But the sex buyers in Farley’s study overlooked such coercion and showed little empathy for prostitutes’ experiences or their cumulative toll. Researchers and service providers consistently find high levels of posttraumatic stress disorder, depression, suicidal ideation, and other psychological problems among prostitutes. “It doesn’t matter whether it’s in a back alley or on silk sheets, legal or illegal—all kinds of prostitution cause extreme emotional stress for the women involved,” Farley says.


And yet johns prefer to view prostitutes as loving sex and enjoying their customers. “The sex buyers were way off in their estimates of the women’s feelings,” Farley reports. “In reality, the bottom line is that prostituted women are not enjoying sex, and the longer she’s in it, the less she enjoys sex acts—even in her real life, because she has to shut down in order to perform sex acts with 10 strangers a day, and she can’t turn it back on. What happens is called somatic dissociation; this also happens to incest survivors and people who are tortured.”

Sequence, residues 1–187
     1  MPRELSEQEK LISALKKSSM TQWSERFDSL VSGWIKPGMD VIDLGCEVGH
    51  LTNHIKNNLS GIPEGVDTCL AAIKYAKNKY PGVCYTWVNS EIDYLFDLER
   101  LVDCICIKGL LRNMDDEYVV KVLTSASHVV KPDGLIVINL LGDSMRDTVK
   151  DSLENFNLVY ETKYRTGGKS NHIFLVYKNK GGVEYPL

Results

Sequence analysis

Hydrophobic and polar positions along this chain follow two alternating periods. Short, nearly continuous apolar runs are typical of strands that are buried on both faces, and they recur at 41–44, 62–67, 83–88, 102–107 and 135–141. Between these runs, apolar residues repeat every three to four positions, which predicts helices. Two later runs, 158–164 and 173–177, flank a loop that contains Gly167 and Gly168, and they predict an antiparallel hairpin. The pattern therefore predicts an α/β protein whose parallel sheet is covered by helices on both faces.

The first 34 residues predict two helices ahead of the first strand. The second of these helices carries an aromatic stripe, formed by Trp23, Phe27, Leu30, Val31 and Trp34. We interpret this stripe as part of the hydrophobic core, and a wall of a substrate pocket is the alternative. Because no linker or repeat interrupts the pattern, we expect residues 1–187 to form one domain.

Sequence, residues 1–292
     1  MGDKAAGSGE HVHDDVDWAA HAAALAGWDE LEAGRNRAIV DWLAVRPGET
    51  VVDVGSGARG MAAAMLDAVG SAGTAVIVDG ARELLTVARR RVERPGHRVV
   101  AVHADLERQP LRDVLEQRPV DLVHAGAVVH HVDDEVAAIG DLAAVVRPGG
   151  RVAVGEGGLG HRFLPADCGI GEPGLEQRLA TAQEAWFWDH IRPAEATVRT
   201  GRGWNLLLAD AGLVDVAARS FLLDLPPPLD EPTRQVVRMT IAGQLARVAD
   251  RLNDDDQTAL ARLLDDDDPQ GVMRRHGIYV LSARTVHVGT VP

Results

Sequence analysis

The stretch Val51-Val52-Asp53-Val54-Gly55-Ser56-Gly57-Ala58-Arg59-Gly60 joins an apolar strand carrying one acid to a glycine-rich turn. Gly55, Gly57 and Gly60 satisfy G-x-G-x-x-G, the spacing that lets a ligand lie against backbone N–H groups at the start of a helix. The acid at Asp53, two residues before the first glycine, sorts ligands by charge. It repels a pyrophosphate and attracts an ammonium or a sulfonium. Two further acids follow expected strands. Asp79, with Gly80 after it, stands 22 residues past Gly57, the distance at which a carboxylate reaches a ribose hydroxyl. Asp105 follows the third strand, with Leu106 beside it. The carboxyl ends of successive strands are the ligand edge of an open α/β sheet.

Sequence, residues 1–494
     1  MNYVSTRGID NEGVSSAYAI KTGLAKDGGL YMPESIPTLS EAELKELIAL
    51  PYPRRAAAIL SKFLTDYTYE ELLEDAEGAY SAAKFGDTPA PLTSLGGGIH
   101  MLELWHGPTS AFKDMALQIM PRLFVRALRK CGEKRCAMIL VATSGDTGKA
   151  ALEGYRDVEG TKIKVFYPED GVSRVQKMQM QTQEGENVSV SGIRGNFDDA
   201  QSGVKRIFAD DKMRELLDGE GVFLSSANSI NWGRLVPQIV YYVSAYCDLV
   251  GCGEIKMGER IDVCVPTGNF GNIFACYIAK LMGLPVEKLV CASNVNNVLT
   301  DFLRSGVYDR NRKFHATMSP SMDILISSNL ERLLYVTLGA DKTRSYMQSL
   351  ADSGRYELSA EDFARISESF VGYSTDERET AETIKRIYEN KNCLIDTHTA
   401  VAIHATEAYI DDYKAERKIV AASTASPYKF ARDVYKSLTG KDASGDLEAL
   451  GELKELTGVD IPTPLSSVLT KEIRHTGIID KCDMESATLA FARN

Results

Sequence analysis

Farley is a leading proponent of the “abolitionist” view that prostitution is inherently harmful and should be eradicated, and her findings are likely to inflame an already contentious issue. “Modern-day prostitution is modern-day slavery,” says former ambassador Swanee Hunt, founding director of the Women and Public Policy Program at Harvard’s Kennedy School of Government and cofounder of the Hunt Alternatives Fund, a sponsor of Farley’s study.


But other feminists defend pornography on First Amendment or “sex-positive” grounds, and support women’s freedom to “choose” prostitution. Tracy Quan, who became a prostitute as a 14-year-old runaway, says that many women do it for lack of better economic opportunities. “When I was 16, it’s not like there were great high-paying jobs out there for me,” says Quan, the author of Diary of a Manhattan Call Girl and a spokeswoman for a sex workers’ advocacy group.


“My view of the sex industry is that if we treat it as work and address some of its dangers, it would be less dangerous,” says Melissa Ditmore, an author and research consultant to the Sex Workers Project of the Urban Justice Center in New York.